VICE: Hearing anecdotes from officers across NYC makes it easy to believe each precinct has a system like this. That it's not just limited to Staten Island, with this board game, where they get points for arrests and summonses. But couldn't that have just been an egregious example? How common is this, really?

Former NYPD Officer Anthony Miranda: Staten Island wasn't weird—it was more blatant. It's something that's happening across the city. But these guys were just ignorant enough to create a board about it. The reality is, every plainclothes unit has a quota that they have to maintain if they want to stay in that unit. So they have to get a felony; they can't just get misdemeanors or violations, even if that's the only thing they see. So they're on the hunt for those felonies, so they can maintain their position in these details. This affects their days off, the hours they want to work, that sort of thing.


There's this competition between terminology—we call it a quota system, and the PD calls them "performance goals." That would be somewhat true if they could get away with it, but they discipline you on achieving them, so therefore, it becomes a quota system—it's an absolute thing. It's something that's verifiable across boroughs. It doesn't matter what shift you take. And we testified about this to the city council and the oversight agencies. They know what's going on, but taking on a PD is like crossing that line. Oh, I don't want to make enemies with the cops. They make those safe public statements; they hit the safety zone of what they can say, and then they don't go beyond that.

Call it what it is: an illegal quota system.

Why did these police officers come forward about it—why now?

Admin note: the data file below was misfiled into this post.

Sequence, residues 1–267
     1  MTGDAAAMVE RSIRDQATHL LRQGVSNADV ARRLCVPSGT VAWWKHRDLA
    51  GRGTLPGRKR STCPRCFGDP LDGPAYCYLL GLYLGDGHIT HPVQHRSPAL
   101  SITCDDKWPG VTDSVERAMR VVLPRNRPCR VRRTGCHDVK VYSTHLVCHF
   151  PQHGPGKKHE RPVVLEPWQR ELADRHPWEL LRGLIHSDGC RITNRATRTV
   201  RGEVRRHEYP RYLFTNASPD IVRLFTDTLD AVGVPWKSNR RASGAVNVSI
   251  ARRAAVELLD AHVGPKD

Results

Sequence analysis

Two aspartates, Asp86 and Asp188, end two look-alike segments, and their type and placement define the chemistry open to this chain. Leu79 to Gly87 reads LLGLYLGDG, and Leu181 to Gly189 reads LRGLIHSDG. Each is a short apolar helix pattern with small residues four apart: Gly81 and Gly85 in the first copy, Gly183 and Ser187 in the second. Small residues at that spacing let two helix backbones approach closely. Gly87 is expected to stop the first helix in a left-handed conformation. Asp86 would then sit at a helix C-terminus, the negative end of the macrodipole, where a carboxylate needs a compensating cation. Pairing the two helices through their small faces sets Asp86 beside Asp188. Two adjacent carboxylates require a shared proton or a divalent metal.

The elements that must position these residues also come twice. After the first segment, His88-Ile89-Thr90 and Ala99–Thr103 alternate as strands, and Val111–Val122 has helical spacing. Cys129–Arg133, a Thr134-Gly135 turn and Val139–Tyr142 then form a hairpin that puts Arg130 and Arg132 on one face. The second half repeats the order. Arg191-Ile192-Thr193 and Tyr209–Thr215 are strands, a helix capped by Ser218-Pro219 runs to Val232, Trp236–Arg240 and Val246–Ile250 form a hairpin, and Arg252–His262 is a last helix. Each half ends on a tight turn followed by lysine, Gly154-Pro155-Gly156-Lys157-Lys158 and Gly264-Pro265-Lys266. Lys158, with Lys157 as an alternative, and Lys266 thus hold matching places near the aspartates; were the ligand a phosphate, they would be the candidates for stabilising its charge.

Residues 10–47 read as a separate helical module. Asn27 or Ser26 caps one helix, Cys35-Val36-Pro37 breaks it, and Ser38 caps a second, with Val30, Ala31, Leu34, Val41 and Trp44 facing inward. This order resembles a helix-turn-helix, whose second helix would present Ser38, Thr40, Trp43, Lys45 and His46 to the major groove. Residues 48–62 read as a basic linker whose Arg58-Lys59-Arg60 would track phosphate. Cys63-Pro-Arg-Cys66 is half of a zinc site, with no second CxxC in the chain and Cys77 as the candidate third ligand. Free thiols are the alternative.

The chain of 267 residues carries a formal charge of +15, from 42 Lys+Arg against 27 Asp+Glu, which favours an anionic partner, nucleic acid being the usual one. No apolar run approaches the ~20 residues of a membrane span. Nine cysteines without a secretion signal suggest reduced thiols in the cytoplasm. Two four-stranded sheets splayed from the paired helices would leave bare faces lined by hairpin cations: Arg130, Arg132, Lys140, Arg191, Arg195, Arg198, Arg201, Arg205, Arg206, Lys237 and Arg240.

It's not a problem that's new to the PD. Quota systems were in existence before I came onto the job, in 1982. They've been in existence the entire time. But the intensity has increased, and that's where you're getting the cops saying that they've had enough.

What's better than saying, "Your activity is low,"? Wow, that's a term: My activity is low, in this one area. It gives you the reason to start writing me up, harassing me, disciplining me. Also, it targets people by destroying their career long-term, because once you get hit with certain types of discipline, even when you're up for promotions and up for transfers, you're a problem child. We don't want you getting that next assignment. Just stay where you're at. So it limits your career. It stifles it. And I think that's why officers say they have enough.


So race is engrained in how all cops do their jobs, and it's not just minority officers talking about it.
When you look at where the majority of summonses are given, you'd be amazed to see that all of those summonses will start narrowing down just to an area that happens to be black and Hispanic, or poor. Those are your three targeted areas: black and Hispanic because they don't have lawyers. The chances of fighting back, or recording it, is very little. They pay the fine. They can't take off from work or do certain things to prevent it.